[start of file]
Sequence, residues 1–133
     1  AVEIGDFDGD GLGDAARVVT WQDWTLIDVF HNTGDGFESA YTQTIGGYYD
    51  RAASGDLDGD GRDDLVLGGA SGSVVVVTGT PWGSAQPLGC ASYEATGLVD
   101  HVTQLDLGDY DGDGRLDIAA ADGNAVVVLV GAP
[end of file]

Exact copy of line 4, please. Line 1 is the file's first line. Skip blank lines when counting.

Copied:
   101  HVTQLDLGDY DGDGRLDIAA ADGNAVVVLV GAP